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Plant Growth Regulators

A typical example of plant growth regulator is a plant hormone. Plant hormones are the collective term for compounds produced in minute amounts by plants to regulate their own physiological functions. To date, seven natural plant hormones have been discovered: auxins, cytokinins, ethylene, jasmonates, abscisic acid, gibberillins and brassinosteroids (Figure 1). Unnatural plant growth regulators or plant growth inhibitors are also included in this page.


Historically, auxins were first discovered as substances which showed phototropism. To date, it has been revealed that they play numerous roles such as initial development, budding, root growth development, growth of flower parts and cell division. Natural auxins are 3-indoleacetic acid, 3-indolebutyric acid and phenylacetic acid. Some unnatural synthetic compounds also exhibit the same activities.


Cytokinins are regarded as substances which stimulate cell division, shoot initiation and bud formation, when addition auxins are added. Typical structure features are adenine with an isopentenyl unit at N6 position, or with an isopentenyl unit with the methyl terminus being hydroxylated.

Ethylene (Precursor)


Jasmomates have a distinct fragrance and are biosynthesized from linolenic acid, an unsaturated fatty acid. They inhibit growth in adverse conditions, and stimulate tuber formation. They promote senescence of leaves, suppression of fruit growth, and the induction of tuber formation in potatoes.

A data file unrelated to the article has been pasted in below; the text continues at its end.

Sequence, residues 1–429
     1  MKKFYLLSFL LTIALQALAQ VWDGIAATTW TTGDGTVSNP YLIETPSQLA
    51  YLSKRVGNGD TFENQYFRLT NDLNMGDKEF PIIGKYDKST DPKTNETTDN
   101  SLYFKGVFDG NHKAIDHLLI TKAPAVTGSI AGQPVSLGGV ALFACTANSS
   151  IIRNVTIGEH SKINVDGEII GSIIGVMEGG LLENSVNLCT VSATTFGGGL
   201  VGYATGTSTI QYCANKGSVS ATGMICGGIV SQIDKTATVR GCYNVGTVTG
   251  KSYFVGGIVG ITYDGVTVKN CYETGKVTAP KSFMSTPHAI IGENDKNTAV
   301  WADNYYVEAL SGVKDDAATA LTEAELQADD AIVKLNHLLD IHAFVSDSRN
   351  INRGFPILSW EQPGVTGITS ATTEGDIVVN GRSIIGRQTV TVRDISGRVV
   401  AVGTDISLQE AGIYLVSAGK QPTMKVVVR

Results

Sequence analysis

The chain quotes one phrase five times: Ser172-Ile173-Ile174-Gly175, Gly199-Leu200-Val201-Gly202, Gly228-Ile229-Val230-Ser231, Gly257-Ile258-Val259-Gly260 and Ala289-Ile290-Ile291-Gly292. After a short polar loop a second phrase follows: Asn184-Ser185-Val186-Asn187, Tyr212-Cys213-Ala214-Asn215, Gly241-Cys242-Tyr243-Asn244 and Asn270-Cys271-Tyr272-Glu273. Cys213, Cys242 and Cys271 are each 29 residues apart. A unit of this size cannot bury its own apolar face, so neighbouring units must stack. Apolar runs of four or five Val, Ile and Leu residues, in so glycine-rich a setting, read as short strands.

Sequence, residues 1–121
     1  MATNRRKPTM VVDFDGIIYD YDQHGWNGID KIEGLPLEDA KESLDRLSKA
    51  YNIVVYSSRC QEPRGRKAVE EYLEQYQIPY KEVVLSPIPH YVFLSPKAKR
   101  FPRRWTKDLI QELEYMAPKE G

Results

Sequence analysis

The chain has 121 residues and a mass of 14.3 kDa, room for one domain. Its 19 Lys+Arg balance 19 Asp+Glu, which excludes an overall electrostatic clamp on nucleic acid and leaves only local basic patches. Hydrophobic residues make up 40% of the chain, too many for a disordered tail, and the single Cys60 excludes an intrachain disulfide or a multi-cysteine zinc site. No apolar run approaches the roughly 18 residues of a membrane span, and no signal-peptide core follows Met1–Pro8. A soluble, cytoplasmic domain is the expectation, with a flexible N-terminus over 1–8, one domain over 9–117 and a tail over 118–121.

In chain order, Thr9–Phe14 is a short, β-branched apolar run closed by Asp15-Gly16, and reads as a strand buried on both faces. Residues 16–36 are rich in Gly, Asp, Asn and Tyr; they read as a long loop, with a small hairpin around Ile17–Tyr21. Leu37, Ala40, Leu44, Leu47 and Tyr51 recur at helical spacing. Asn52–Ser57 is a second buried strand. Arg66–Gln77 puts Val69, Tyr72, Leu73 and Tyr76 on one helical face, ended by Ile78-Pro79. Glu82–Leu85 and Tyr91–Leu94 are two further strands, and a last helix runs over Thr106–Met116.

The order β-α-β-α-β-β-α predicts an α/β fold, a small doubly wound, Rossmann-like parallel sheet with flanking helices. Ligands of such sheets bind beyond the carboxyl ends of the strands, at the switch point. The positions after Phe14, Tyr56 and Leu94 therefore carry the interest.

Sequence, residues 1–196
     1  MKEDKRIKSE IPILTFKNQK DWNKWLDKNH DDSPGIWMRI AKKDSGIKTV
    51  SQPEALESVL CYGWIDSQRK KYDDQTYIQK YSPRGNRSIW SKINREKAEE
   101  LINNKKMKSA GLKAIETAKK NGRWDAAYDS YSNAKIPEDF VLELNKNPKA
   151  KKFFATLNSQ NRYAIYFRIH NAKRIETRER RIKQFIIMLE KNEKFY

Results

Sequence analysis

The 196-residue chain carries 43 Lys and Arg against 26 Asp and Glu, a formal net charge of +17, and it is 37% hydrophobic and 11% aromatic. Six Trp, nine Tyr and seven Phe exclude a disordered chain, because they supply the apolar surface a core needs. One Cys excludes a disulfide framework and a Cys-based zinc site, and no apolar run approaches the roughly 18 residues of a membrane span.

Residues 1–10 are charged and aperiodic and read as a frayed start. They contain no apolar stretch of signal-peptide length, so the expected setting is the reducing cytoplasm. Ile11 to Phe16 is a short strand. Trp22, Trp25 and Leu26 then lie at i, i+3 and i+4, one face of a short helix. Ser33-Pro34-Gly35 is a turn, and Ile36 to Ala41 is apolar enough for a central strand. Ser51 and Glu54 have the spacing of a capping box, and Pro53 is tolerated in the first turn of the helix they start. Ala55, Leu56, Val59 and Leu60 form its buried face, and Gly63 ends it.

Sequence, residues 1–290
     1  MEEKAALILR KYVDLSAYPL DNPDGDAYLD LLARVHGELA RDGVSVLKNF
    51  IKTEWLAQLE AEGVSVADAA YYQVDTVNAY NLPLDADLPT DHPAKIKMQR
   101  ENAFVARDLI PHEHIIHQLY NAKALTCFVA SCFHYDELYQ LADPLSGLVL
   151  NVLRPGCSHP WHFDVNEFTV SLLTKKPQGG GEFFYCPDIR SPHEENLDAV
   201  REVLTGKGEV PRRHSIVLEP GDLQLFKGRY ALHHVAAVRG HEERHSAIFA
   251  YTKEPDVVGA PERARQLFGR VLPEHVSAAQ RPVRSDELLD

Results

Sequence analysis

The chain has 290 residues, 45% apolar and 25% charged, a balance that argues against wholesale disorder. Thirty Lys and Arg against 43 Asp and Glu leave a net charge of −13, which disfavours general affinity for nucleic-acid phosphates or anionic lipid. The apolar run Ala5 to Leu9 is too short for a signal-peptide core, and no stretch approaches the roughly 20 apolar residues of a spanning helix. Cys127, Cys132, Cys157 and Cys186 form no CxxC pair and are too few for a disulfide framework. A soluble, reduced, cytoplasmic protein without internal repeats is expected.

Abscisic Acids

Abscidic acid is occasionally classified as a sesquiterpene, however, it is biosynthesized from a carotenoid (C40) precursor. It stimulates the closure of stomata in the absence of water and induces seeds to synthesize storage proteins. It is also released when a plant experiences stress, as in lack of nutrition, pests, root distress, or disease.


Other Plant Growth Regulators

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  • a) Review:
    • L. Taiz, E. Zeiger, in Plant Physiology, 4th ed., Sinauer Associates, Sunderland, 2006.
  • b) R. Arteca, in Plant Growth Substances:
    • Principles and Applications, Chapman & Hall, New York, 1996.

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